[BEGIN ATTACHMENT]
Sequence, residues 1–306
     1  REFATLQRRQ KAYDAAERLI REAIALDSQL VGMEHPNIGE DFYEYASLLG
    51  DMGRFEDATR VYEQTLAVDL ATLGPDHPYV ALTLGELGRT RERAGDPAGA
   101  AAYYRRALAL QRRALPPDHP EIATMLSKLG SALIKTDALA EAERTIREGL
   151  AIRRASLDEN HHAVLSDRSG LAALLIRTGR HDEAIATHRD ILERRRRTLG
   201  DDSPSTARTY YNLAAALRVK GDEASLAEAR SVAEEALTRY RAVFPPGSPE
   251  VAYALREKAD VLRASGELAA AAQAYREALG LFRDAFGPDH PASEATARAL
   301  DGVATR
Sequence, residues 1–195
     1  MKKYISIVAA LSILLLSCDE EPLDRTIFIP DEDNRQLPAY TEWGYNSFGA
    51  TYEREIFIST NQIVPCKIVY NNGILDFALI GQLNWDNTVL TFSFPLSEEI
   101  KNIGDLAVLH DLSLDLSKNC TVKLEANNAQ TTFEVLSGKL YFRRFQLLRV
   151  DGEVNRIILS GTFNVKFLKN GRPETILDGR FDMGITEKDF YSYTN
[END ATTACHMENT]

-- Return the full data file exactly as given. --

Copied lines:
Sequence, residues 1–306
     1  REFATLQRRQ KAYDAAERLI REAIALDSQL VGMEHPNIGE DFYEYASLLG
    51  DMGRFEDATR VYEQTLAVDL ATLGPDHPYV ALTLGELGRT RERAGDPAGA
   101  AAYYRRALAL QRRALPPDHP EIATMLSKLG SALIKTDALA EAERTIREGL
   151  AIRRASLDEN HHAVLSDRSG LAALLIRTGR HDEAIATHRD ILERRRRTLG
   201  DDSPSTARTY YNLAAALRVK GDEASLAEAR SVAEEALTRY RAVFPPGSPE
   251  VAYALREKAD VLRASGELAA AAQAYREALG LFRDAFGPDH PASEATARAL
   301  DGVATR
Sequence, residues 1–195
     1  MKKYISIVAA LSILLLSCDE EPLDRTIFIP DEDNRQLPAY TEWGYNSFGA
    51  TYEREIFIST NQIVPCKIVY NNGILDFALI GQLNWDNTVL TFSFPLSEEI
   101  KNIGDLAVLH DLSLDLSKNC TVKLEANNAQ TTFEVLSGKL YFRRFQLLRV
   151  DGEVNRIILS GTFNVKFLKN GRPETILDGR FDMGITEKDF YSYTN